The synopsis of the game released by Square states you can “finally experience the Kingdom Hearts storyline’s missing chapter.” That missing chapter is the time between the two games – the 358/2 days that followed the creation of Roxas. Questions will be answered for Kingdom Hearts fans, and more questions than are worth it will be made for non-fans. The opening cinematic sets the tone for the game and introduces us to the story we are about to play.
Though the game takes on a completely new story, it pits you in many locations you will remember from KH1 – the first of which is Twilight Town. Each location is beautifully recreated on the DS and the graphics look fantastic. It’s easy to remember you way around the locations, see familiar sights and have plenty of “oh yeah!” moments, as the handheld does an incredible job of handling what used to be Playstation 2 graphics. It really looks excellent, and the characters and settings are not awkward or deformed like many 3D DS titles.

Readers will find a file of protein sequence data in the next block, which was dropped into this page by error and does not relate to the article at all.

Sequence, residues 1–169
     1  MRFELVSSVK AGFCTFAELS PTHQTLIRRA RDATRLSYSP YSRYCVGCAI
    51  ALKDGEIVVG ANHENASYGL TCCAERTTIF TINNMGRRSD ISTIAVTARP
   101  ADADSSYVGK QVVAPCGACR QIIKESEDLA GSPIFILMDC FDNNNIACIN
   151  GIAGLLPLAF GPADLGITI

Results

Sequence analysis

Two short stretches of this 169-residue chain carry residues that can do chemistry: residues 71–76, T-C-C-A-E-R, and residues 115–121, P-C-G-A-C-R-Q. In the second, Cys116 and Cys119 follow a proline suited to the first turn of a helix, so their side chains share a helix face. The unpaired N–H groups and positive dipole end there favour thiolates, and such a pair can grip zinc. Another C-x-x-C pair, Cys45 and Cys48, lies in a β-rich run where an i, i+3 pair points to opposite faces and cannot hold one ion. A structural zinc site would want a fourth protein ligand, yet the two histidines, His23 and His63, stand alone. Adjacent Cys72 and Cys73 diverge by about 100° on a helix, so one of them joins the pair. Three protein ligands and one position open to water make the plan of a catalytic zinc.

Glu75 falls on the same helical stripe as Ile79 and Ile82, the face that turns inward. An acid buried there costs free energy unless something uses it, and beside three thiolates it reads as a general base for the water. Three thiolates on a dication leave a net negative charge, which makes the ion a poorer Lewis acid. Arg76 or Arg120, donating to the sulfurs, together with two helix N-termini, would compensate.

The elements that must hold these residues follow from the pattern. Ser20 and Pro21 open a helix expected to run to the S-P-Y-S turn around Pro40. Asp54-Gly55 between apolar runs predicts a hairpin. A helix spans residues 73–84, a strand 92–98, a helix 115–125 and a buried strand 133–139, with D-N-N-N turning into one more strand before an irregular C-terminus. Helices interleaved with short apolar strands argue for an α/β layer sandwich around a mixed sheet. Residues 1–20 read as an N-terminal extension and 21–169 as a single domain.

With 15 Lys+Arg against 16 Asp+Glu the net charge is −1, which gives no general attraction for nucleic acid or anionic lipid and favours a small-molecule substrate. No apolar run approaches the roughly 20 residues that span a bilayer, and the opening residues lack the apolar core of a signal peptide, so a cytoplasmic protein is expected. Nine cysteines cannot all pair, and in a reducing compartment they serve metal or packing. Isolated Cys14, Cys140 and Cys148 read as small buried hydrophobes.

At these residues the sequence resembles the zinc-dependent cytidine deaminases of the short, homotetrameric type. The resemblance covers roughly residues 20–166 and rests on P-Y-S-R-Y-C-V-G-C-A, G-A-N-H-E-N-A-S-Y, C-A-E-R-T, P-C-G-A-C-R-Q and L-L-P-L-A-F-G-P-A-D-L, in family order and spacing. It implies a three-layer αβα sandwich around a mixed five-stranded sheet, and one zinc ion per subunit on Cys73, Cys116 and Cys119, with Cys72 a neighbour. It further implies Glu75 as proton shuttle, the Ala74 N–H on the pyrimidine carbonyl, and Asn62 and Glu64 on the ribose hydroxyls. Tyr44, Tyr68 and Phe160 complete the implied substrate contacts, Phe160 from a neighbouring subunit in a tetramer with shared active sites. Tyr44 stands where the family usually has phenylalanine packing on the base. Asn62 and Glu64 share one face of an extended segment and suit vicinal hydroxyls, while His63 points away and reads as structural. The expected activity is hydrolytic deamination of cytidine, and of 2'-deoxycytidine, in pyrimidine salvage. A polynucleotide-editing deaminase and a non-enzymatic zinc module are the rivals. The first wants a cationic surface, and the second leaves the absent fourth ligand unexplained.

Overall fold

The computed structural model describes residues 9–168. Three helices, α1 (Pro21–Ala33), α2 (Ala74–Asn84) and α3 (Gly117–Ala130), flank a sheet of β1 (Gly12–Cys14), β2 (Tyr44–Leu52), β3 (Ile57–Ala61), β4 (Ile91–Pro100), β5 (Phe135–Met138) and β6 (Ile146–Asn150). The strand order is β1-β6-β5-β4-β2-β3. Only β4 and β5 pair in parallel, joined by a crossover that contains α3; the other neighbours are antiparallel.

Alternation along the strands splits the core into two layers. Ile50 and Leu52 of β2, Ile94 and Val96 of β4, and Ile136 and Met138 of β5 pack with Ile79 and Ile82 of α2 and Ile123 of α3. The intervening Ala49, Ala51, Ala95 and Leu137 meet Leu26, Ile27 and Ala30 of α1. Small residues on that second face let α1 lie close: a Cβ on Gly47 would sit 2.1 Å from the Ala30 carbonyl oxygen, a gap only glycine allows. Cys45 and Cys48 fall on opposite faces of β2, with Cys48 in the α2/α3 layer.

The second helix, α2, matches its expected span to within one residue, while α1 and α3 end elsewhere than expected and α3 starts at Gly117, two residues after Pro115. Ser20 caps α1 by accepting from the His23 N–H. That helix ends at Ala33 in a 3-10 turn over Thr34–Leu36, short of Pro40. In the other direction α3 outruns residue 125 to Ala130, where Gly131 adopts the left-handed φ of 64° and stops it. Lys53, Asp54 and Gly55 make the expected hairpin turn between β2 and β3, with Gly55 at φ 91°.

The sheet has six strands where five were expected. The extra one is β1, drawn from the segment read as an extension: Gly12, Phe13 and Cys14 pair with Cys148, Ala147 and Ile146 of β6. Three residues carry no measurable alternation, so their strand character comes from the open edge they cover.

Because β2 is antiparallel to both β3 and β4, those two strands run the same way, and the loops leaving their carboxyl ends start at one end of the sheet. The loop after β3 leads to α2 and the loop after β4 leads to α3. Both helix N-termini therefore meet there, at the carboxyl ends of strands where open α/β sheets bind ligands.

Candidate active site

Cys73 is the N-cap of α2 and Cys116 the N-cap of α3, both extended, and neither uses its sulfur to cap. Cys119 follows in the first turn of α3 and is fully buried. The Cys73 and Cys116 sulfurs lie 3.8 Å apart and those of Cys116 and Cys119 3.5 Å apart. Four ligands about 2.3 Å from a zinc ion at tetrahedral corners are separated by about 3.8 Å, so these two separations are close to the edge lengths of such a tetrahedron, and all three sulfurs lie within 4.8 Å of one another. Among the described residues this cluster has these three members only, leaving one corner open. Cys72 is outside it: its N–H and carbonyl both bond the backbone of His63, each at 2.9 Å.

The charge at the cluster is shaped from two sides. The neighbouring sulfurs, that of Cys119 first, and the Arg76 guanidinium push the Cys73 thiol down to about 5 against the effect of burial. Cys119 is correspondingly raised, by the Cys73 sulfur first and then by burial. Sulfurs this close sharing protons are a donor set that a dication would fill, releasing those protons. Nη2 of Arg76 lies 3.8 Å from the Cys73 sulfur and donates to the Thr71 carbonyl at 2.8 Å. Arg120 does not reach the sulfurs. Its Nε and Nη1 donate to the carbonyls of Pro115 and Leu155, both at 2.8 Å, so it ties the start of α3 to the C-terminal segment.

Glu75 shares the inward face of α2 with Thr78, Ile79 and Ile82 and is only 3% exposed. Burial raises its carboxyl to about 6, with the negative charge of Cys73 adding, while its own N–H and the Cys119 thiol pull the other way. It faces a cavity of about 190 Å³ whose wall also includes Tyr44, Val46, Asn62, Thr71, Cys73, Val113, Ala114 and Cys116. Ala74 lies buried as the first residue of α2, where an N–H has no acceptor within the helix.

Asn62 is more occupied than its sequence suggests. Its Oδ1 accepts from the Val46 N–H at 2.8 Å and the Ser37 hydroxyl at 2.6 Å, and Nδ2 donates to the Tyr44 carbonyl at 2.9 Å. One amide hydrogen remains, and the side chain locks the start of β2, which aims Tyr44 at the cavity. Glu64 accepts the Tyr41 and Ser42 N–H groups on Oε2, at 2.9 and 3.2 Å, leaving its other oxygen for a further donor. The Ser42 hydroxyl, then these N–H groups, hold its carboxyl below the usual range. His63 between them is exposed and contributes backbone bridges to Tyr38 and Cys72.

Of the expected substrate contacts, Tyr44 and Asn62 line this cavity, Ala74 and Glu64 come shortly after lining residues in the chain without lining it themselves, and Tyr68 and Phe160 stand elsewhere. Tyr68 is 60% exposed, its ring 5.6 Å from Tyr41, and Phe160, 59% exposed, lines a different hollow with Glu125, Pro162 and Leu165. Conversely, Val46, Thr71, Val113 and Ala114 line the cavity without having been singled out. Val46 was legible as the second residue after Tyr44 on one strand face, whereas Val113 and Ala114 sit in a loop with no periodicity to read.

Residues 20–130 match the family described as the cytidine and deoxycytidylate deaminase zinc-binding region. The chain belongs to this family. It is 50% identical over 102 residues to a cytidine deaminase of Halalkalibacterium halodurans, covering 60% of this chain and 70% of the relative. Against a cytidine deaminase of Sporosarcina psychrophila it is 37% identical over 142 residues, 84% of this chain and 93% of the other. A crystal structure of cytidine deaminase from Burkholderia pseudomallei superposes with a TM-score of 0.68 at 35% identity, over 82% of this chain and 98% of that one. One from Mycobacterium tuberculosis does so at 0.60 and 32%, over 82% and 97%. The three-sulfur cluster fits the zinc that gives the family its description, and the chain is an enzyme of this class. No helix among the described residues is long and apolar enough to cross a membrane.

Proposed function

The only negative to that point is that most of the locations are recycled, so you’re not going to investigate a terrible amount of scenery you haven’t already played. If you’ve played every KH game to date, this will be yet another visit to some of the same places you’ve been time and time again. Square can’t keep this up much longer, because while we love seeing these things in new applications, it’s not fresh forever. These grapes are turning into raisins, I do say.
The control structure goes back to the part menu, part action system that was a strong suit of KH1. The game can be difficult straight from the start, so a mastery of the controls is crucial to getting through the title. For instance, on your second real quest, while Roxas is still a Level 2 character dealing hardly any damage, you come across an enemy with six bars of life that can kill you in two hits. It’ll take a solid ten minutes to put him down.
The top screen shows the game, while the bottom screen generally shows a map of your current location and the locations of goals, pickups and other stuff.